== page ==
The half-hour composition is the latest in a prolific body of video works that has evolved in parallel to Sasnal’s career as a painter, ranging from short experimental pieces to feature-length films.
Columbus interleaves sections of film with title cards telling the story of Christopher Columbus. The explorer’s voyage to the New World is distilled into laconic statements in which historical fact blurs with otherworldly fable. Shot on a 16mm camera in the artist’s hometown of Krakow and in San Francisco, the film compounds the listless, meandering mood of the story. Its disconnected sequences and motifs – a boy wandering through parkland, shaded squares on graph paper, radio masts rising above trees – also transpose the quixotic events onto an abruptly ordinary plane. In parallel to the visual and atmospheric shifts, an instrumental soundtrack – collaged from recordings by classical, electroacoustic and experimental composers – fluctuates between ceremonial chimes, oppressive discordance and expressive interludes reminiscent of film scores.
In this way, Sasnal sets film, text and sound in a mercurial dynamic – the three elements synchronise and splinter over the course of the work. As in his previous short films, the small-scale, occasionally claustrophobic vignettes point to the influence of Polish avant-garde and neo-avant-garde cinema. Footage of the artist’s family occasionally dovetails (as if by accident) with the events of the tale, in an echo of the genre of ‘Personal Cinema’ which proliferated in Communist-era Poland. According to critic Lukasz Ronduda, this style of filmmaking – often linked with the short films of poet Miron Białoszewski (1922-1983) – “developed close to the artist’s life and focused on recording the banalities of everyday life, fantasies, masquerades”.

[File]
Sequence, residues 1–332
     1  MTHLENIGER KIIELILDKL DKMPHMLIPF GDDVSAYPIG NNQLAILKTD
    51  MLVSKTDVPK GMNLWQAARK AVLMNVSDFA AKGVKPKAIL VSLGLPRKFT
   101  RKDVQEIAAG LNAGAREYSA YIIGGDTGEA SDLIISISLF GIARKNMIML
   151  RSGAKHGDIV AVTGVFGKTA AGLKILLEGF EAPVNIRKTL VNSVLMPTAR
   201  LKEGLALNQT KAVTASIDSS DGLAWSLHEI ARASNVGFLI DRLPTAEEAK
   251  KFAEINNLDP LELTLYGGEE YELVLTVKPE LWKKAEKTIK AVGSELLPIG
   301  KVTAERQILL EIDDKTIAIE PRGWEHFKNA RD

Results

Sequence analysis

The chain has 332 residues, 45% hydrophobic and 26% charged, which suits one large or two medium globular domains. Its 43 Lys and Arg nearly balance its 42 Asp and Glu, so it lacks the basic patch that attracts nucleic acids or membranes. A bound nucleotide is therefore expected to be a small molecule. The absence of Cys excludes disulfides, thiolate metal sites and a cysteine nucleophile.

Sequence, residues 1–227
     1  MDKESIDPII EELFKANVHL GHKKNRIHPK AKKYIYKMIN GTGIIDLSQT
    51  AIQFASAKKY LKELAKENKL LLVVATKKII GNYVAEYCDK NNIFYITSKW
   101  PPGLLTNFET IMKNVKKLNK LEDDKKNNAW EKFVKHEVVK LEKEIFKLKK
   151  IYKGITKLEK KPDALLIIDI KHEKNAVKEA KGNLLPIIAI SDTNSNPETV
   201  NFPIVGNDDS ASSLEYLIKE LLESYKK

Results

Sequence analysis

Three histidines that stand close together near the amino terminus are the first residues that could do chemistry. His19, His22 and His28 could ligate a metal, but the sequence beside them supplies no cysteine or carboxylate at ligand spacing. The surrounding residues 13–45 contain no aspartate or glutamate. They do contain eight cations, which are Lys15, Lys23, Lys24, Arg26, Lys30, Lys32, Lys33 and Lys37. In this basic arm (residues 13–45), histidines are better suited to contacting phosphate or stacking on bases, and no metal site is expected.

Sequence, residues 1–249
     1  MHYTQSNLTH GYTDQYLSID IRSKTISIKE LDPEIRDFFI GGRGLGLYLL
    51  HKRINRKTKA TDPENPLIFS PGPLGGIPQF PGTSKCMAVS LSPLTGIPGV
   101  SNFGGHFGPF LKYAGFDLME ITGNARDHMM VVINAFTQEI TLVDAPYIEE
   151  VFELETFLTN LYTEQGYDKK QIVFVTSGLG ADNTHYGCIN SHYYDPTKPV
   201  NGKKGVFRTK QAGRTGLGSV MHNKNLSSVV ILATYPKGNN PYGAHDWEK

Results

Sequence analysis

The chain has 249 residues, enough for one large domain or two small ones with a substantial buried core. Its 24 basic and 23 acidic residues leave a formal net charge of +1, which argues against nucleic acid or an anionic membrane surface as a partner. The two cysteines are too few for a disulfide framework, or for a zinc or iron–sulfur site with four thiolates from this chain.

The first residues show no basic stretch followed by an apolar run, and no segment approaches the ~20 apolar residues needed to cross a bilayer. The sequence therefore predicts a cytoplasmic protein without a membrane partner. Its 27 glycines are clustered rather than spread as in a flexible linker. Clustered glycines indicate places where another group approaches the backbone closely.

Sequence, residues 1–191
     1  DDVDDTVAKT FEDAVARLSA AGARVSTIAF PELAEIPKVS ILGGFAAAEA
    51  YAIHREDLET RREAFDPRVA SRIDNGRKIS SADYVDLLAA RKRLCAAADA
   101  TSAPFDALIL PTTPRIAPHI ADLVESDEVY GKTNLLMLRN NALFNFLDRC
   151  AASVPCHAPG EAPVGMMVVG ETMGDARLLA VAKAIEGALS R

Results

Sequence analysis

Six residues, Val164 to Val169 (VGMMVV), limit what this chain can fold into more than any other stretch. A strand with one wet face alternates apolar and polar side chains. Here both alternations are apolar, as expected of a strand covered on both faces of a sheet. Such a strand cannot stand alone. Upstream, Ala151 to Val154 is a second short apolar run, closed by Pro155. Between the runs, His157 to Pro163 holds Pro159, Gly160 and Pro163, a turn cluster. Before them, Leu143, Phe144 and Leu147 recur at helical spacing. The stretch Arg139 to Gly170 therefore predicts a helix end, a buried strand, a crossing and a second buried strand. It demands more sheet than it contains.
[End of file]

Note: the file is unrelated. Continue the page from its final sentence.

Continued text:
In Columbus, as in Sasnal’s paintings, such “banalities of everyday life” are endowed with a heightened yet open-ended significance – abstracted away from their context, made pregnant with unresolved meaning. The razor’s edge of a spinning record becomes a metaphor for the flat earth envisaged by Columbus’s sailors as they venture across the sea. As the ship stalls on becalmed waters and the sailors descend into madness, a needle suspended on a thread descends over the spinning disk. In reference to Columbus’s ship of “irrational design”, Sasnal’s camera pans over the Modernist interior and exterior of the Arka Pana church in Krakow – a modern-day vessel of the Catholic faith whose architect, Wojciech Pietrzy, conceived of the building as Noah’s Ark resting on Mount Ararat.
The story alludes at various moments to Columbus’s manic-depressive state of mind (his trip to the New World is inspired, Sasnal relates, by a phase of mania or megalomania) and his recurrent headaches; and a kindred quality of neuralgic fitfulness permeates the entire work. Columbus produces a sense of mundane reality being coerced into the fanciful shapes of myth, or conversely of myth dissolving into shapeless reality (supporting the theory, perhaps, that even the most fabulous tales find their historical basis in real-life phenomena). A melting sugar cube evokes the frothing water around Columbus’s ship; and later, sugar cubes arrayed in Minimalist formation on a table stand for the settlements established by his men in the New World (a glancing reference to the fact that sugar was first exported to the New World by Columbus on his 1492 voyage). Yet as much as they ‘illustrate’ the tale, these everyday spectres interrupt and resist the narrative flow. They jolt viewers out of the annals of history and fiction, and into the concrete realm of the here and now.